Students wishing to be considered for a Dollars for Scholars award must complete applications, which are then sent on to the non-profit Scholarship America office in St. Peter where they are evaluated anonymously. Students are ranked based on personal data, employment and extracurricular involvement, teacher appraisals, class GPA and ACT scores.

"It's a very fair process, and we don't even know who the students are until after we have figured out how much money our chapter has available to award in a given year and how it will be allocated," said Moore.

Along with the other local Dollars for Scholars officers -- vice-president Beth Radloff, treasurer Marilyn McDowell and secretary Louise Wickstrom -- Moore is pleased by the community's ongoing and generous response to the program, although he would like to see others follow Entenza's lead in making an endowed gift.

"Our endowment has grown slowly since it was established in 2003," explained McDowell. "Anyone making a gift of over $5,000 has the opportunity to create a perpetual endowed scholarship in honor or memory of a loved one, or perhaps in honor of a favorite teacher.

"Generally, our goal is to build the endowment so we are able to award significant scholarships to all graduating students who want to continue their educations."

One popular fundraiser is an annual golf tournament (four-person scramble format), scheduled this year for June 30 at the Worthington Country Club. Participants receive dinner and are eligible for door prizes, while winning teams earn pro shop bucks.

"We're still looking for golfers, hole sponsors, door prizes and volunteers," noted Moore. "It's a great event that helps make these annual scholarships possible."

Katie Fleming was one smiling senior who, at the close of last night's ceremony volunteered, "I'm really grateful for the amount of money I've received. I feel very supported because it seems like it comes from everyone."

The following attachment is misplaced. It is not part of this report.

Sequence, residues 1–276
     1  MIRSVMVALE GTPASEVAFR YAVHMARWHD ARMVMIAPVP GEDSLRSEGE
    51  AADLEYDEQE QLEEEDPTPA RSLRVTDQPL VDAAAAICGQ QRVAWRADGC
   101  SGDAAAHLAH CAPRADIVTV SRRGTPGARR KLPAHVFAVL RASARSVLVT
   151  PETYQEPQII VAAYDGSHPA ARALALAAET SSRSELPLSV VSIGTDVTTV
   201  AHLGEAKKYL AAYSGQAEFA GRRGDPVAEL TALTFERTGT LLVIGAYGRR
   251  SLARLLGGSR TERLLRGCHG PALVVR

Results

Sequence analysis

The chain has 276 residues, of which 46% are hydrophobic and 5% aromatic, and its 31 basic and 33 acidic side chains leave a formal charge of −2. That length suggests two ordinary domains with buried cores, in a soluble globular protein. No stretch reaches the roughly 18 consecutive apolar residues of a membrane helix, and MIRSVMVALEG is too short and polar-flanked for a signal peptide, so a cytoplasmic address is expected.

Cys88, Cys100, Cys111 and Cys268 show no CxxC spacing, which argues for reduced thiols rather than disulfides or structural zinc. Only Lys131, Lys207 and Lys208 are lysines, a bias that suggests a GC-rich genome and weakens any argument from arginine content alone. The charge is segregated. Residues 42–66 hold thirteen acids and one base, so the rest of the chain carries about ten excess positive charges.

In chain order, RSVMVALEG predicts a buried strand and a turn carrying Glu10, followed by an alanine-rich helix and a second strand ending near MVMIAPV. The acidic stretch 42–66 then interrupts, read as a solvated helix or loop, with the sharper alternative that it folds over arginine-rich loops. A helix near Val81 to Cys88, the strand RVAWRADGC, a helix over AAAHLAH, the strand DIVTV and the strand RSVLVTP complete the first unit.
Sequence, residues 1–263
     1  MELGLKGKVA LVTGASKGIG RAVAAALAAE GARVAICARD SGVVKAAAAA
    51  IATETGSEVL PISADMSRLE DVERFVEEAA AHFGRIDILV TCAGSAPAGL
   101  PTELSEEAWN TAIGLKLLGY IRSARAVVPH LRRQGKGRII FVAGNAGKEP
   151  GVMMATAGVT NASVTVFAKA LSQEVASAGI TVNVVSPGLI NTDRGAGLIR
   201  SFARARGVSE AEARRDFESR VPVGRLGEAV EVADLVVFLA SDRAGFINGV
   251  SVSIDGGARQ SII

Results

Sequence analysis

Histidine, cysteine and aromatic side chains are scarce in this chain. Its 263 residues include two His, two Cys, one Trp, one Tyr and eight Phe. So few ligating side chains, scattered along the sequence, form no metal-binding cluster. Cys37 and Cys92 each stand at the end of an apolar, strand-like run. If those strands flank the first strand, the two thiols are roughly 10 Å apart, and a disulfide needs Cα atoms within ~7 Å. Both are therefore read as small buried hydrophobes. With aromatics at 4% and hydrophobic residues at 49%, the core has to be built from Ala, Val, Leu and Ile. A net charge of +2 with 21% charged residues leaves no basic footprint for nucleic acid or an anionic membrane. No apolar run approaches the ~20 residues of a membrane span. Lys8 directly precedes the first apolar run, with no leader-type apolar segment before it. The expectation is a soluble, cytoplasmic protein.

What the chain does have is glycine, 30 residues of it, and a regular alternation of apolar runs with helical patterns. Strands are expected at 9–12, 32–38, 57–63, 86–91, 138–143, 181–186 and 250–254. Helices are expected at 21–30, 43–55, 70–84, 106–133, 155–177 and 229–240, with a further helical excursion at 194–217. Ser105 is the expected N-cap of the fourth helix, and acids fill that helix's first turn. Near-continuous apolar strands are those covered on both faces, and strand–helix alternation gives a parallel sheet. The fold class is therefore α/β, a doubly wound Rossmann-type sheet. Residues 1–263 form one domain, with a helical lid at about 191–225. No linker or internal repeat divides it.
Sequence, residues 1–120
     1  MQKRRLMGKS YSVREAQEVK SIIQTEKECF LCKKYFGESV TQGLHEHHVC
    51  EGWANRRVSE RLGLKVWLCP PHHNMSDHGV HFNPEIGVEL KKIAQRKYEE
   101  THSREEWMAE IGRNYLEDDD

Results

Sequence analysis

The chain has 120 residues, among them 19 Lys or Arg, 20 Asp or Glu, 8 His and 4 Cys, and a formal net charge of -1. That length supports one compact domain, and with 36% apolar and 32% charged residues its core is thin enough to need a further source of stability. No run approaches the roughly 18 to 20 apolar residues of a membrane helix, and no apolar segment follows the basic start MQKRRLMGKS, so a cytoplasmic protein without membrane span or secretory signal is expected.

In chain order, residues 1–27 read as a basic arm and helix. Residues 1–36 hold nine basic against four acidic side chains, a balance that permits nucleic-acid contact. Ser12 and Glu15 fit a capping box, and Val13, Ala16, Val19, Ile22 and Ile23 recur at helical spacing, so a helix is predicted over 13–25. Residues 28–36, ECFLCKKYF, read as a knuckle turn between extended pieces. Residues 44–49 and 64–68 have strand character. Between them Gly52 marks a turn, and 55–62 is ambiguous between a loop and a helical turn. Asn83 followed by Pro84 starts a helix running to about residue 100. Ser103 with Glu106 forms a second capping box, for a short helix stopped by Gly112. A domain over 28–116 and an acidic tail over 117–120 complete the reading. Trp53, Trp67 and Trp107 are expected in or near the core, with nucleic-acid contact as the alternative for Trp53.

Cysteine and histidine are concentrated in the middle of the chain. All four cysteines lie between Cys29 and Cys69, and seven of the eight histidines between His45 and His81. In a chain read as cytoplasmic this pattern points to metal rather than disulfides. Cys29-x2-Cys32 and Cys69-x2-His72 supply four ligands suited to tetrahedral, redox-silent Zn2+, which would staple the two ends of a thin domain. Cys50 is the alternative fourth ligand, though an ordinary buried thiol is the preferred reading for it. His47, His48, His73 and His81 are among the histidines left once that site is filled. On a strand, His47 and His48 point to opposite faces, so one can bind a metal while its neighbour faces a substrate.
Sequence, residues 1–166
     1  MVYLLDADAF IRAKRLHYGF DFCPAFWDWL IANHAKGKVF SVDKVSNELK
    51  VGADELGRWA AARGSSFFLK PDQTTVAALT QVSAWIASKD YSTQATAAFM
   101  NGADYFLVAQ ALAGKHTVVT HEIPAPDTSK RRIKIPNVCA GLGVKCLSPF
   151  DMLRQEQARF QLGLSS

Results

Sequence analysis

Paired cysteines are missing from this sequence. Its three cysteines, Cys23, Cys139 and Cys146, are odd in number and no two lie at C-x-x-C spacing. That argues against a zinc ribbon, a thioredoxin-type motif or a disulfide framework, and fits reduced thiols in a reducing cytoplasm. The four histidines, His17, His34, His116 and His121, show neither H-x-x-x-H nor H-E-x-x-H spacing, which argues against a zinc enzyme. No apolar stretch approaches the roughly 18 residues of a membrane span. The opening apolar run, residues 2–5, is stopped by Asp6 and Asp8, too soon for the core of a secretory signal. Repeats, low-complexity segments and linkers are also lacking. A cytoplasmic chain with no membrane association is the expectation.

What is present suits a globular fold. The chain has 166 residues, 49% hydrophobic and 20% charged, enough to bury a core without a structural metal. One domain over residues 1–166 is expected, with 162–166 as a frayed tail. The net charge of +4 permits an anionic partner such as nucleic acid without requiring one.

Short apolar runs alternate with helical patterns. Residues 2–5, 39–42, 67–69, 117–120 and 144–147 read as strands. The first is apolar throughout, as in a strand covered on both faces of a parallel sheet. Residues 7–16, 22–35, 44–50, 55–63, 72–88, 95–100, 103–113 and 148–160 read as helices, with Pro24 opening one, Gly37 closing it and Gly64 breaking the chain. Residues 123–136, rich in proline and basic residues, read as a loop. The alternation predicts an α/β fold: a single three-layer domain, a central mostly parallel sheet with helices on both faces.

That's a sentiment Entenza urged this group of students to remember and build on.

"The sacrifices people made before you, and for you, are things you need to give back, whether that's through church, community or even politics," exhorted Entenza.

He noted when the citizens of his Norwegian immigrant great-great-grandparents' rural community finally had a little extra, they didn't immediately spend it on themselves but pooled their meager resources to build, first, a church and then a school.

"They knew their mission was to make sure the next generation did better," suggested Entenza. "We should remember we're part of something bigger than ourselves and we're not just here to do well at the expense of others."

Although for Entenza the evening was largely a break from the gubernatorial campaign trail -- a time for reminiscing about lunches eaten and plays acted in the same WHS cafeteria where he addressed the imminent graduates -- he did share this thought at the end of the night:

"I want to make sure Minnesota will have a governor who won't forget where he came from."

For more information about the June 30 Dollars for Scholars golf tournament, or about volunteering with or donating to the Worthington Dollars for Scholars chapter, contact Chuck Moore (372-2610) or Marilyn McDowell (372-5247).